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World of difference: the bright new retail zone at Landvetter
I remember well the last time I was in Gothenburg Landvetter Airport (before this week). Running late for a flight, I recall my horror at the interminable security line, with passengers herded into a narrow bottle-neck at the end of it, before (much later) being spouted out the far end into an alley that turned out to be the shopping street. Then, a mad dash down that cramped, narrow row of shops to make my flight home…just making it in time.
I returned this week after making good on a long-standing commitment to commercial developer ASDC (the Swedavia-Schiphol JV that operates here and at Stockholm-Arlanda) to pay a visit, unsure of what to expect. I found a very different place – and a very different consumer proposition – than before.
Strange as it may seem, the security zone is now among the highlights. Not only is it more open, but it has the look and feel of a business lounge, with furnishing and lighting to match. OK, so you still have to take your belt off, but even that doesn’t seem so onerous with the friendly staff and the casual rather than staid, formal way they are uniformed. As with every aspect of the consumer experience, it’s the little details that matter.
Fragrances are a key staple of the Nuance outlet – with strong promotions for the latest launches such as Invictus
After security, you emerge into a bright, open sun-lit commercial zone that’s a welcome break from the past. The wide central aisle and seating to the side are the benefits of a 1,000sq m expansion that pushed out walls on either side. The Nuance store is a world away from the previous unit, now without barriers, with good visibility and stop points to engage consumers throughout.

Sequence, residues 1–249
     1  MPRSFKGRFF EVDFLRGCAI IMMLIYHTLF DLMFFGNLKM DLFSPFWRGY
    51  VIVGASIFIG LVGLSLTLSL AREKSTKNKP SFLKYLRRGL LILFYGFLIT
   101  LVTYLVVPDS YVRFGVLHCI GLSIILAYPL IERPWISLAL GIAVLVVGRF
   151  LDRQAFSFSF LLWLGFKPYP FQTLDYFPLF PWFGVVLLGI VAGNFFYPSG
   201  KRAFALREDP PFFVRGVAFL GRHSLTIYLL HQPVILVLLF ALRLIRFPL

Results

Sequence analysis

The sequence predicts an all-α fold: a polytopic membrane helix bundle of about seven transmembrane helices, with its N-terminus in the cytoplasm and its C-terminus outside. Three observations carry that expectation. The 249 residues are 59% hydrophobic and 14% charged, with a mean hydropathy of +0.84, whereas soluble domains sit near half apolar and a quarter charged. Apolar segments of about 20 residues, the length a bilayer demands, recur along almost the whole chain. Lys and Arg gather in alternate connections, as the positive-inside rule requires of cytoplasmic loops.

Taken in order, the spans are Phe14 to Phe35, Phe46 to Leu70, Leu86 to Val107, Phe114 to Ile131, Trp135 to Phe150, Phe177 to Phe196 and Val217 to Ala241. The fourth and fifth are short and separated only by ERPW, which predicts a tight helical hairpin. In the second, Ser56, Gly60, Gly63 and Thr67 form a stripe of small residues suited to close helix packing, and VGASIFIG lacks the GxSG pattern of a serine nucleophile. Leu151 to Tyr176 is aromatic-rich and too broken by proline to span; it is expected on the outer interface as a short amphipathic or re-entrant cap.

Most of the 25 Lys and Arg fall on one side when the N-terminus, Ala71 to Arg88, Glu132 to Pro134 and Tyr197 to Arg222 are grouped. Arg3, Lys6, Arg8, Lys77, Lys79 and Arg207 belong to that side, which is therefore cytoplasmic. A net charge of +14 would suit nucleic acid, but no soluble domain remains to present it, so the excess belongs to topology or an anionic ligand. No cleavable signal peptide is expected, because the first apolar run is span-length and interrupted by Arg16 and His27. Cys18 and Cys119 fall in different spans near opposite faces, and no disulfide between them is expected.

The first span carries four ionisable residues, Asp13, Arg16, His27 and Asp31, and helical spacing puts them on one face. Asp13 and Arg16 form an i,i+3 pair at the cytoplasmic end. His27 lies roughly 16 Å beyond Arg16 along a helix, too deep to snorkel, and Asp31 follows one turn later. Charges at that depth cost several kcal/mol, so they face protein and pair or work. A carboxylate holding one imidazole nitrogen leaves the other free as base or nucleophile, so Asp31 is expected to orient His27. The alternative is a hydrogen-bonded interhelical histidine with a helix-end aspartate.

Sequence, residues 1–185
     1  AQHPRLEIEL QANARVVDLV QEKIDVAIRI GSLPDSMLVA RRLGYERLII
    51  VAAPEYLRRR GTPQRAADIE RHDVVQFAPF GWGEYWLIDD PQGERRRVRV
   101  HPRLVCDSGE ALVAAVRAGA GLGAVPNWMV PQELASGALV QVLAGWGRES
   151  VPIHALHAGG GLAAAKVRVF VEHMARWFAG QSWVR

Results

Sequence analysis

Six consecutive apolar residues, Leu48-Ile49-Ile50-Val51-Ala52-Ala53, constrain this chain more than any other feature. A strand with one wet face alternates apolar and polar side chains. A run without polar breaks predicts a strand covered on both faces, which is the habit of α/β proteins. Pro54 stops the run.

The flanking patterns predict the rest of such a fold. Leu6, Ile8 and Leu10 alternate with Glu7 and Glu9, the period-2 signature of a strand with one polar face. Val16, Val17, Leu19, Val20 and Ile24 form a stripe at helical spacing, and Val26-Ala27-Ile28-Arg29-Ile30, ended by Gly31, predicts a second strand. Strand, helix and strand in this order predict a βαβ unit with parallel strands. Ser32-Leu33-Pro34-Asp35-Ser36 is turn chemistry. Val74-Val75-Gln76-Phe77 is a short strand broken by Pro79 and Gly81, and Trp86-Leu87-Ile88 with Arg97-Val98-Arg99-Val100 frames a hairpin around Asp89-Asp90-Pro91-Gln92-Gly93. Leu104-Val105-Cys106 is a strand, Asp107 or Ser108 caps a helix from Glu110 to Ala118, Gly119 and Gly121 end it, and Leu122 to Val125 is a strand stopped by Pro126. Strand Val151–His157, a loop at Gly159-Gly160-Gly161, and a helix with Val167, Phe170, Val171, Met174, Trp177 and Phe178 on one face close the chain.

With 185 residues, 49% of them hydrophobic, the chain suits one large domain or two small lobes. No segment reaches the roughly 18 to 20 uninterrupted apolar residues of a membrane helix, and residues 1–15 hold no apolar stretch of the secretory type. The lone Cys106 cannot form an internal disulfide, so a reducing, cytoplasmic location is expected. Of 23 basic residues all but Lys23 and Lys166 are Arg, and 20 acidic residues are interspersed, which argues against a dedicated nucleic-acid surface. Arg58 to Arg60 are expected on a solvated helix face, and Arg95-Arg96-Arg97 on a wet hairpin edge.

Fragrances are the clear star here – no surprise in a market where EU-bound passengers cannot buy liquor, and the brands have come in behind the big P&C presence here. There’s Capi here too, with its electronics concept, and Victoria’s Secret, one of the hottest brands in the airport world right now – and performing accordingly in the weeks since it opened, I understand.
For me, the biggest leap forward is in F&B, with local concepts taking pride of place. The Deli unit at first glance appears to be a sandwich bar, but is part-bar, part-store for typical Swedish delicacies, and the Street Food unit is a twist on the food court idea from chef Marcus Samuelsson. There’s Joe & The Juice, a juice bar idea that is fast becoming a cult brand in the Nordics and is now expanding abroad. It started at Copenhagen Airport and is now both here and in Arlanda. Expect to see it at an airport near you soon.
In a perhaps surprising move, the company’s owners have so far refused to open in partnership with a specialist airport concessionaire, preferring to plough their own furrow. More complex and more costly it may be, but their devotion to the brand and their recognition of the airport as a location to develop it is great to see.
There’s O’Learys too, an SSP staple. But what I didn’t know at first was that this is a Gothenburg-made brand, now exported internationally.
Expansion plans: Joe & The Juice
For an airport of 1.7 million departing international passengers, that’s a lot of diversity across retail and F&B. But that’s part of what ASDC hopes to achieve: more branded concepts, driving increased interest, and raising customer satisfaction levels and spend. The Gothenburg renovation is only complete a few months, and the consumer will be the judge of its success. But having radically altered the consumer experience from start to finish, Gothenburg Landvetter is well on the right track.